January 10, 2019
Perennials for commercial landscapes

Perennials for Commercial Landscapes

Use a perennial palette to enrich public spaces with textures, colours and seasonal interest 


Commercial landscaping, whether in parking lots or office building beds, for churches or hospitals, for restaurants or college campuses, is seen by thousands of people every day. Most might be considered boring rather than inspiring or exciting, but if we use an expanded plant palette, we can constructively influence the public’s perception of landscaping.

What attributes are we looking for? We want high performance and low maintenance; long bloom, more than one season of interest, little deadheading and no staking. Many perennials and ornamental grasses offer long seasons of interest, colourful or texturally interesting foliage, movement, fragrance, seed heads or pods, and winter interest. 

A perennial with many of these characteristics is butterfly weed, Asclepias tuberosa. If orange is a tough sell, try using the cultivar ‘Hello Yellow.’ It blooms for six to nine weeks in July and August, has interesting seed capsules in late August and September, needs no staking, is a magnet for pollinators (particularly Monarch butterflies), and needs only to be cut to the ground in early spring. This is the perfect perennial for a naturalistic design; it will thrive in full sun and average to dry soil.

A nice display of various perennials next to a pathIn this long bed at a German display garden, groupings of Calamagrostis ‘Karl Foerster’ are used repeatedly as punctuation marks.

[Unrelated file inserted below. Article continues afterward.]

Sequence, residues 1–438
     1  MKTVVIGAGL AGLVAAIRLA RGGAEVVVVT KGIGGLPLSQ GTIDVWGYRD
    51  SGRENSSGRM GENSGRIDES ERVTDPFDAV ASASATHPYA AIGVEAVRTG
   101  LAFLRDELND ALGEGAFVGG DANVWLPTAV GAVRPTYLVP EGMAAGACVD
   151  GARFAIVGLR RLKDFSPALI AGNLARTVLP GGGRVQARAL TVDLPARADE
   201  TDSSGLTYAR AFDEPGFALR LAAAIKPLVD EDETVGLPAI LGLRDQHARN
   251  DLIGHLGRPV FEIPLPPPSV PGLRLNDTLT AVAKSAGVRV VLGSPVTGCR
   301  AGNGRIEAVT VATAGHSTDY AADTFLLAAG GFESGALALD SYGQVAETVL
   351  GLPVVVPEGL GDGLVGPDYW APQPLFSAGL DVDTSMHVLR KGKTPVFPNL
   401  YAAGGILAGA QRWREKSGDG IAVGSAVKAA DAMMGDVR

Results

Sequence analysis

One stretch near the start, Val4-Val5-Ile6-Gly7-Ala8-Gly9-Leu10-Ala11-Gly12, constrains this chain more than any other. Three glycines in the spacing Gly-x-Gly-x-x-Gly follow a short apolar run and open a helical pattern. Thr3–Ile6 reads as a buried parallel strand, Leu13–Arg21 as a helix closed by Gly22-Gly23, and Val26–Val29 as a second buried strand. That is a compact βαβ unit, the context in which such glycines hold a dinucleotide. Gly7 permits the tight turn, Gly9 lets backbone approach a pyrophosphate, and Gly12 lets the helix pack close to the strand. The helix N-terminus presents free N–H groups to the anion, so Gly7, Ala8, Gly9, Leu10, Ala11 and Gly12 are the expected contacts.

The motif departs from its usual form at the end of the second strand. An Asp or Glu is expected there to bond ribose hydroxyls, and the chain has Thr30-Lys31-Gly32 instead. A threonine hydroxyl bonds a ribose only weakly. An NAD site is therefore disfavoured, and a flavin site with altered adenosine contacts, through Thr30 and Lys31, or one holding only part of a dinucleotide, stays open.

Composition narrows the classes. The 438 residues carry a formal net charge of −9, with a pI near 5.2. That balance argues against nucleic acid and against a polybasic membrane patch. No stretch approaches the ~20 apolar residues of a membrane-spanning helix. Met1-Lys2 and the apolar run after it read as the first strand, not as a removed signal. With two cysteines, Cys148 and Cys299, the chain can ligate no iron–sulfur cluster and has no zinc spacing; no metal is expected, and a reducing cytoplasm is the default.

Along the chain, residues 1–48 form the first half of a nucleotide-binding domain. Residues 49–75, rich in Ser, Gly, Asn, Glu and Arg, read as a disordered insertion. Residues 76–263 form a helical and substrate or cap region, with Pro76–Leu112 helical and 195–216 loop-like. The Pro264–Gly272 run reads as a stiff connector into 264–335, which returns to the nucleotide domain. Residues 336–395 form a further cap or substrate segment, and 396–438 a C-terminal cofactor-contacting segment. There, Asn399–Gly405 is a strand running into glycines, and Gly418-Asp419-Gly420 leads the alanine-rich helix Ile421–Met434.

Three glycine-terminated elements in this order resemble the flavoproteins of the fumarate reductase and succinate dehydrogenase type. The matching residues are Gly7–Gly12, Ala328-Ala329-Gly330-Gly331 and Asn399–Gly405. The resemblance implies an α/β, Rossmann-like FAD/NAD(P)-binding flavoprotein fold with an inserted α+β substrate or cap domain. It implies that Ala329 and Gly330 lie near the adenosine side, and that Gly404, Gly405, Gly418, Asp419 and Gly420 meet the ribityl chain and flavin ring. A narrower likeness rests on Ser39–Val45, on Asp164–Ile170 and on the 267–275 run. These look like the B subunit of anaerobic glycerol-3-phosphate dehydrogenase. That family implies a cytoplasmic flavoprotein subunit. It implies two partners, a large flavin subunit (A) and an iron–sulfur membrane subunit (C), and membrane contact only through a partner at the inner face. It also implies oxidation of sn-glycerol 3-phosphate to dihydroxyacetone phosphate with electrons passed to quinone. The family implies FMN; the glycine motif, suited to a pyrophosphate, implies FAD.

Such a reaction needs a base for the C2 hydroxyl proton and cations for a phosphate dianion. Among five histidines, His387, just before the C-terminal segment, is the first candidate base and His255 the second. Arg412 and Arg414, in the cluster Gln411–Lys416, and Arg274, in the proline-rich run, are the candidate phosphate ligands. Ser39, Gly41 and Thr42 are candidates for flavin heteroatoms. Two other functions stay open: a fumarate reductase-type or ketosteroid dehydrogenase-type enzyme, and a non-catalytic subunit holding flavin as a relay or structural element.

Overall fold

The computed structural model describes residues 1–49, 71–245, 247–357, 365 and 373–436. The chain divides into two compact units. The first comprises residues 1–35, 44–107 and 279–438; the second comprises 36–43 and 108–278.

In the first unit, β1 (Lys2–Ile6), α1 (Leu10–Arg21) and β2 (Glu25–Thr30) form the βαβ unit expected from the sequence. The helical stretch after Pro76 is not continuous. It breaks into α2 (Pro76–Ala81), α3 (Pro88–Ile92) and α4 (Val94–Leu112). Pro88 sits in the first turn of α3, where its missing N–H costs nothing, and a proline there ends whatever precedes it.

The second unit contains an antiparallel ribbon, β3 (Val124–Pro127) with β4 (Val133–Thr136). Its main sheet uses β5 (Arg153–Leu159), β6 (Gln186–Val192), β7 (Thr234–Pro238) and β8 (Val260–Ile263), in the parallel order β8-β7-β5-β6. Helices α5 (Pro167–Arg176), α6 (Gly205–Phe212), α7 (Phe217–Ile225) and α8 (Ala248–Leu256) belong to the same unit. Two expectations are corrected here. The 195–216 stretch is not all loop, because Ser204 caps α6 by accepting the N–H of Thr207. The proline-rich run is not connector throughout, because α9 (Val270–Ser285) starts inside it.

One of my favourite perennials for constant change is upright Sedum (stonecrop). Best known is ‘Autumn Joy,’ but I also use ‘Neon’ because it is shorter and doesn’t flop as much. This is a Zone 4 hardy perennial for hot, dry spaces. The early spring rosette is attractive with its succulent leaves, but stonecrop really comes into its own starting in July when it resembles short heads of broccoli.


Large-scale thinking

Large commercial properties require large masses of plants for impact. If they are arranged somewhat naturally, as in drifts which feather in and out, they will not look artificial — as do masses of plants lined up like soldiers or in blobs. A huge shopping centre on Long Island utilizes sweeping masses of perennials and grasses in most of the beds, including difficult-to-mow slopes on major streets. Since large properties often consist of several beds, repetition is an easy way to unify. Use a specific plant in many of the beds, use a particular form such as pyramidal or mounding, use a specific texture like that of grasses, or use one colour with groupings of one or several genera of the same colour.